The Tampon Tax Is Gone, Huzzah! Now Wait For The Squealing

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It has taken 20 years – no, really, at least that long – but the Tampon Tax is now, finally, gone.

The controversial ‘tampon tax’ has been abolished, as Britain breaks free from EU rules.

Chancellor Rishi Sunak committed to ending the unpopular levy on tampons and sanitary pads in March’s Budget and as of Friday, VAT on the products has been removed.

Brussels laws prevented the Treasury from reducing the VAT rate on the items below 5 per cent.

That’s not quite wholly and exactly correct. The actual rules is/was that you can have things which are exempt from VAT, you can have things that are zero rated. If you do have VAT on something the minimum allowable rate is 5%. Crucially though, you cannot move something from being Vattable down to being either exempt or zero rated. The ratchet only works the one way, only ever upwards.

As to it taking 20 years here is something from that 20 years ago:

It is the tax cut that dare not speak its name – at least not in the Budget announcement. Chancellor Gordon Brown is to slash value added tax on women’s sanitary products – the so-called “Tampax tax” – but was just too embarrassed to say so.

Sustained lobbying from female Labour MPs, led by Calder Valley MP Chris McCafferty, persuaded the chancellor to introduce the change, which ends the policy of treating tampons and sanitary towels as luxury items incurring the full 17.5% VAT rate.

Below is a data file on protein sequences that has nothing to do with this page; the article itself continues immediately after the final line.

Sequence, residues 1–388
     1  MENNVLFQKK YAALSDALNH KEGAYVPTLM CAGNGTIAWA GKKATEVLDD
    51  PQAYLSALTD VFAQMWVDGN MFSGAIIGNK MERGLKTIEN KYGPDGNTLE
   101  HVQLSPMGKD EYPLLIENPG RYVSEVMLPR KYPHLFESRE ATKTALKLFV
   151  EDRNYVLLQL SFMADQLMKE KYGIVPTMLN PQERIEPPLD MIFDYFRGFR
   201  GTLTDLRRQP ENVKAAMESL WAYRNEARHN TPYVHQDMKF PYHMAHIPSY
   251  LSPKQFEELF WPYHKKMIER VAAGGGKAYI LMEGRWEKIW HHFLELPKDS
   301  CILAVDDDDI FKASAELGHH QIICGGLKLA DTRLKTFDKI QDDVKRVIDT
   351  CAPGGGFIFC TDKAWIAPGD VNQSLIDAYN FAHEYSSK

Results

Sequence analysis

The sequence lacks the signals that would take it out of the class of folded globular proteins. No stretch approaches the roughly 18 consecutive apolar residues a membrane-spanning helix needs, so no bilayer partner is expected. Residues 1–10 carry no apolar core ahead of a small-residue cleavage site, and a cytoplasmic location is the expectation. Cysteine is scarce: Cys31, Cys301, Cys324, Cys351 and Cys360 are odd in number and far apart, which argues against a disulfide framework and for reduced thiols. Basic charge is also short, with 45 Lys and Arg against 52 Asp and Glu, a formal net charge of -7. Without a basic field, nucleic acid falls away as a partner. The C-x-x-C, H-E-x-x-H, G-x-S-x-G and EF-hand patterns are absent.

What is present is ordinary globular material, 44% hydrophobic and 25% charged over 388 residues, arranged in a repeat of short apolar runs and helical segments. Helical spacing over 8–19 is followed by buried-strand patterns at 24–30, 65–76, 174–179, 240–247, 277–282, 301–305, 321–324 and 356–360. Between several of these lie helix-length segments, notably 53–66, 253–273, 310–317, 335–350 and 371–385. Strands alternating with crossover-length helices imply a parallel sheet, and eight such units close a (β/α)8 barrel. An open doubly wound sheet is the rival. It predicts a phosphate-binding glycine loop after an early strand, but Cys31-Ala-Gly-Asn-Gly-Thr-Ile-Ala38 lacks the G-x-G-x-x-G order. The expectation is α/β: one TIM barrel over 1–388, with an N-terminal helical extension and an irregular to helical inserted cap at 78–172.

The tax will be cut from next January to just 5% – the lowest possible under European rules limiting the goods that can be zero-rated.

There was obviously some political pressure being applied more than 20 years ago to get to that point.

Which is one of those European Union things really, the system just isn’t responsive. We Brits simply were not allowed to do what many Brits desired, not to apply VAT to tampons. Because, you know, this is something so much better handled by an unelected bureaucracy situated well out of range of those affected.

However, it’s necessary to go on to point out something else. For the past few years the amount raised in this taxationthatmustbelieviednomatterdemocracy has been sent back to varied wimmins’ things:

The purpose of the Tampon Tax Fund is to allocate the funds generated from the VAT on sanitary
products to projects that improve the lives of disadvantaged women and girls. The fund was announced by
the then Chancellor during the 2015 Autumn Statement: “There are many great charities that work to
support vulnerable women. And my Honourable Friend, the new Member for Colchester, has proposed to
me a brilliant way to give them more help. 300,000 people have signed a petition arguing that no VAT
should be charged on sanitary products. We already charge the lowest 5% rate allowable under European
law and we’re committed to getting the EU rules changed. Until that happens, I’m going to use the £15
million a year raised from the Tampon Tax to fund women’s health and support charities”.

The launch of this round of funding demonstrates the Government’s continued commitment to ensuring that
the VAT received from sanitary products is used to support vulnerable and underrepresented women and
girls. This guide introduces the next round of Tampon Tax Funding and provides details of how to apply.
The 2020/21 round of Tampon Tax Funding is inviting charitable, benevolent and philanthropic
organisations from across the United Kingdom to bid into one of three categories: violence against women and girls, young women’s mental health and well being, and a general programme. The criteria for each category can be found below.